At issue in Wickliffe was the amount of a supersedeas bond to be set after entry of a default judgment setting aside a deed allegedly transferring property from the decedent to Wickliffe. The trial court set the supersedeas bond at $75, 000.00, and Wickliffe claimed that amount was excessive. Id. at *1. Applying an abuse of discretion standard, the appellate court agreed. There was testimony at the bond hearing that the rental value of the property was $350.00 to $500.00 per month. Id. There was additional testimony that the land was worth between $55, 000.00 and $60, 000.00 and the house was worth approximately $5, 000.00 to $6, 000.00. Id. A realtor testified that the total estimated value of the property was $150, 000.00. Id. Relying on the valuation of the property, the trial court set the bond at $75, 000.00. Id. In concluding that the bond amount was excessive, the appellate court reasoned that, "[b]ased on rule 24.2(a)(2)(A), the property's overall value is not a relevant factor in setting the bond. Rather, the only relevant factor is the value of the property interest's rent or revenue." Id. Because "[t]he only evidence at the hearing pertaining to this factor was that the property would rent anywhere from $350 to $500 a month . . . the trial court abused its discretion in setting the bond at $75, 000."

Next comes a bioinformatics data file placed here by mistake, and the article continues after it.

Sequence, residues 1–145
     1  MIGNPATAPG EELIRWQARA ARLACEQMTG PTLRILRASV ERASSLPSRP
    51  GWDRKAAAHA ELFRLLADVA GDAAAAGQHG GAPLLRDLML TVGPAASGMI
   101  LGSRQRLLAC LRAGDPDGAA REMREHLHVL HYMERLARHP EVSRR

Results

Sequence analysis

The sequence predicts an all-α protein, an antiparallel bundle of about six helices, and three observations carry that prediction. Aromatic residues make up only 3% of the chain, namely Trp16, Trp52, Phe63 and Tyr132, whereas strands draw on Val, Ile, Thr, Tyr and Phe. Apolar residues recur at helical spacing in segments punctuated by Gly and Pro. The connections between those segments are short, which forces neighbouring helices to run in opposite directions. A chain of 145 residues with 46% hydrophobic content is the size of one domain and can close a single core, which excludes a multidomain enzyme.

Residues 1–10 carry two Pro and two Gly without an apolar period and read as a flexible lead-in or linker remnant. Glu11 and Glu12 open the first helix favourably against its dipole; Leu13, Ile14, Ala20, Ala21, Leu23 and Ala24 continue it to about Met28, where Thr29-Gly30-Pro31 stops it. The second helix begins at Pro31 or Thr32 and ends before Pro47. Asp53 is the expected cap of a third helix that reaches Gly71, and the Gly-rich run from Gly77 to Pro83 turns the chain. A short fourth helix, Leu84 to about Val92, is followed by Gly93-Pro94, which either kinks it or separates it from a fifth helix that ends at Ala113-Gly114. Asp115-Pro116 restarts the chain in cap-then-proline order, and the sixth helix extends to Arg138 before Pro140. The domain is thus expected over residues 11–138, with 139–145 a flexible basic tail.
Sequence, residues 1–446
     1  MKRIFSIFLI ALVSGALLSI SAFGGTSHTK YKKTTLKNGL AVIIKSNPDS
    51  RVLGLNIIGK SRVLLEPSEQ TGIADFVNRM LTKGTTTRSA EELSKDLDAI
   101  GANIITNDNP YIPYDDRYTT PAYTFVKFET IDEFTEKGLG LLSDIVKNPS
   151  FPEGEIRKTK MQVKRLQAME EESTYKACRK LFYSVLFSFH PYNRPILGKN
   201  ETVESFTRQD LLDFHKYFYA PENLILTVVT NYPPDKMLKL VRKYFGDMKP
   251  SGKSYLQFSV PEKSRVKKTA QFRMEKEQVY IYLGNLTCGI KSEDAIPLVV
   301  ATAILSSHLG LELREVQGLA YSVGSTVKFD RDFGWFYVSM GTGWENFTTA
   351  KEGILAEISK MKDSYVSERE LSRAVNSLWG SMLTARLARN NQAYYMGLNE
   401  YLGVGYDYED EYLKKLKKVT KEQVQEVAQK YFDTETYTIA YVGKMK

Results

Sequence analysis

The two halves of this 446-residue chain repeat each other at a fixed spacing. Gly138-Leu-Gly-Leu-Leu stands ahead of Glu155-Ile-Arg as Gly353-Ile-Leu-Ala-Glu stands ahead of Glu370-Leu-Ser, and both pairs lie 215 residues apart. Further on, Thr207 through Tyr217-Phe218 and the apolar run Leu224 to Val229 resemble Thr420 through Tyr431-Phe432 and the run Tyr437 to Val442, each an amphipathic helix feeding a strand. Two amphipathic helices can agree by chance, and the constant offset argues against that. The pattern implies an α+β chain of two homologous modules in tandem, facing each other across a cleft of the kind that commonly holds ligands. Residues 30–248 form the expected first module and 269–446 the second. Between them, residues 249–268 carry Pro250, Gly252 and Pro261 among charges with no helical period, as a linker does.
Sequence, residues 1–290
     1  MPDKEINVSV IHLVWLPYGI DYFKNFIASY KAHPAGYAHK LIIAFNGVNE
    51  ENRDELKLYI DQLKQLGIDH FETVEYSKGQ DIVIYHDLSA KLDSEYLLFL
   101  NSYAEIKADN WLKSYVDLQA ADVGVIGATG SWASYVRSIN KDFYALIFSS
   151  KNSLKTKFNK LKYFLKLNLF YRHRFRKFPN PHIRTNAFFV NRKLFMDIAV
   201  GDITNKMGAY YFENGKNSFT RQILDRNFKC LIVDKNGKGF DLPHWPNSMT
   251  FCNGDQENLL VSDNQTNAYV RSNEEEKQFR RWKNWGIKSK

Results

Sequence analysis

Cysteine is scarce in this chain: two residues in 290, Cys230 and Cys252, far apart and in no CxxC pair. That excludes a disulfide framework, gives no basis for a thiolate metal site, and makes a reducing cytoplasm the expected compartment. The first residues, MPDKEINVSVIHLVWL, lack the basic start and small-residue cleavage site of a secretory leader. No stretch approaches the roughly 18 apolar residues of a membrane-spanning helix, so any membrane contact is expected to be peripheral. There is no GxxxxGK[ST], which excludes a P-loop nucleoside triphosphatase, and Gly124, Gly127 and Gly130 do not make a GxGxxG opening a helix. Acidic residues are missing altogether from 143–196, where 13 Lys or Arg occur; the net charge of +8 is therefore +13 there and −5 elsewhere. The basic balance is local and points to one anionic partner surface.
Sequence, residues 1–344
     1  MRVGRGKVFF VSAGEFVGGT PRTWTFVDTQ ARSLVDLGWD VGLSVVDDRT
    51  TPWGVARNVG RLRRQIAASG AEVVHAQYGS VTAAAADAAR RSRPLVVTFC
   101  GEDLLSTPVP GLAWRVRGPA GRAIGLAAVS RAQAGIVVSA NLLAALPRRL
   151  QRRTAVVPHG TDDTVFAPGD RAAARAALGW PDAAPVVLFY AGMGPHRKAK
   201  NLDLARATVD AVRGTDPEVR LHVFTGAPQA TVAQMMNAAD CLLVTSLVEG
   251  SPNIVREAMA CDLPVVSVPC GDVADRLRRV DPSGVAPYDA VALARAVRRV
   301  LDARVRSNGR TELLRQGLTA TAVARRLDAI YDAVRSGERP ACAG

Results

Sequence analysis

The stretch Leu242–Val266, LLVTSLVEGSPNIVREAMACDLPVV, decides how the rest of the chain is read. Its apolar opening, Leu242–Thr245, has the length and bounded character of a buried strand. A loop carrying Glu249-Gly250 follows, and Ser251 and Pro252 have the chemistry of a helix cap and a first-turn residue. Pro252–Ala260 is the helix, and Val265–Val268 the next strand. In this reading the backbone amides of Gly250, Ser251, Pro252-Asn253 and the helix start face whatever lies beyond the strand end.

Indeed, when there is no evidence of a real property's rent or revenue value, there can be no determination of "whether any amounts over the real property's rent or revenue value" are excessive. Fuentes v. Zaragoza, No. 01-16-00251-CV, 2016 WL 3023811, at *4 (Tex. App.- Houston [1st Dist.] May 26, 2016, order). In Fuentes, the evidence established that the fair market value of the real property awarded to Zaragoza was $3.3 million. The trial court ordered the amount of security for the judgment for the recovery of an interest in real property at $3.3 million, in the absence of any evidence of the property's rent or revenue value. Id. Consequently, the court concluded that it was error to require an additional $3.3 million to secure the award of real property included in the final judgment. Id.

         Likewise, in this case, there was no evidence of the rent or revenue value of the real property awarded to Peggy in the final decree. In the absence of such evidence, it was improper to include an additional $400, 000.00 in the supersedeas bond amount. Such inclusion renders the supersedeas bond amount excessive.

         We therefore hold that the supersedeas bond in this case was excessive only to the extent that it included the value of the real property awarded to Peggy in the final decree. All other amounts included by the trial court were proper and in keeping with Rule 24.2 of the Texas Rules of Appellate Procedure and with Section 52.006 of the Texas Civil Practice and Remedies Code. And, although we find the bond to be excessive, the evidence in the record ...